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    A normalized information

    model lets organizations

    share a common vocabulary

    and promotes semantic


    a new Set of terminology issues

    merger and partnership activity increase the heterogeneity of clinical applications and data sources

    accountable care organizations gather data from other hospitals and practices using different clinical applications

    Private and public HiEs push (not just pull) data out to individual organizations

    increased use of clinically sourced data alongside administratively sourced data (claims) provides a more holistic view of the patient

    Secondary data sources generating unstructured demographic, retail, and geographic data

    incoming lab results that arent mapped to LOINC

    ambulatory Emr applications that still record problems in ICD-9

    disparate drug terminologies such as MediSpan, FDB, RxNorm, and NDC

    Free-text allergy lists

    consumer-entered problem list (e.g. diabetes)

    coming soon: Claims files with ICD-10 codes


    A survey conducted by Premier of 115 C-suite healthcare executives revealed that nearly 75 percent report integrating clinical and claims data to better manage population health in order to support efforts with accountable care organizations (ACOs).5 Making sense of data was cited as one of the biggest barriers in making accountable care work.

    There is a lot of noise in the system today, but two key trends consistently boil to the top: semantic interoperability to support new delivery models, and clinical data repositories to support big data analytics.

    Semantic interoperability to Support new delivery models

    Emerging healthcare delivery models such as ACOs, patient-centered medical homes (PCMHs), and pay-for-performance (P4P) all depend to some degree on interoperabilitythe ability to share data. ACO participants, primary care providers, specialists, hospitals, and labs, among others, must share information to coordinate care for the patient population under management. The PCMH model, which seeks to transform primary care, involves orchestrating care across physicians, physician assistants, nurses, social workers, and other professionals. And pay-for-performance programs depend on the ability to aggregate data from different clinical sources for quality reporting purposes.

    Fueled by the Meaningful Use initiatives, the adoption of EHR and healthcare information exchange (HIE) technology has resulted in an exponential growth in health data and progress toward the first two levels of interoperability:6 Foundational interoperability, which enables data exchange without requiring IT systems to interpret data, and structural interoperability, which defines syntax of the data exchange, allowing systems to interpret data at the data field level. By making use of data transport and syntactic standards such as HL77 that define messaging structure, todays HIT maturity has gone a long way in establishing the foundational elements required for interoperability among disparate IT systems. As the industry moves into the more advanced stages of Meaningful Use and other national initiatives, healthcare organizations are now turning their attention to semantic interoperabilitythe ability for IT systems to understand the meaning of the data that is being shared. Two local drug codes, for instance, may describe the same drug in different terms. The lack of semantic interoperability limits communication in such situations.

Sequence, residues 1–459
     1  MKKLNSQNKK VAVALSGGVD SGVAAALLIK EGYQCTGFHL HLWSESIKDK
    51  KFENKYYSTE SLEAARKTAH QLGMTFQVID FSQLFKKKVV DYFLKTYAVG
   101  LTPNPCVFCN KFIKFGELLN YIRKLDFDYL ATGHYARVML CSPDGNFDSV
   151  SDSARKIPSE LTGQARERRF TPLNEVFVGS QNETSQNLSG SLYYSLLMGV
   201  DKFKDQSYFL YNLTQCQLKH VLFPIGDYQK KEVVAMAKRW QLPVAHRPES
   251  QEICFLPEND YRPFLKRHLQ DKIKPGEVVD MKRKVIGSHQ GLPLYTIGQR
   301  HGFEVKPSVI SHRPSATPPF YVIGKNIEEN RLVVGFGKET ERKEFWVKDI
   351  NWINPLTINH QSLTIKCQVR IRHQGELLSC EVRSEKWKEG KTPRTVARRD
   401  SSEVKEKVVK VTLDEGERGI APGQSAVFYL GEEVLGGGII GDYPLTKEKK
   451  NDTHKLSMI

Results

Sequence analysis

Unfortunately, health IT innovation has developed in isolated pockets, with initial development taking place in billing and claims, followed by localized development of ancillary clinical systems such as laboratory,

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    radiology, pharmacy, and, more recently, EHR systems. Although MU has created new incentives for EHR vendors to adopt language standards such as SNOMED CT,8 many HIT systems in todays market still use local or proprietary codes to collect and store patient data.

    Due to the fragmented adoption of terminology standards, much of that data remains locked within isolated IT systems. Attempts to share data in this environment can lead to errors because systems represent data differently through different coding and terminology schemes. A recent report published by the Journal of the American Medical Informatics Association9 noted 615 observations of errors and data expression variation across the 21 EHR technologies examined. The interoperability barriers underscore the need for data normalizationpatient data must be normalized into standard code sets that can be easily accessed by all providers.

    clinical data repositories (cdrs) to Support Big data analytics

    A clinical data repository is an aggregation of granular, patient-centric health data, usually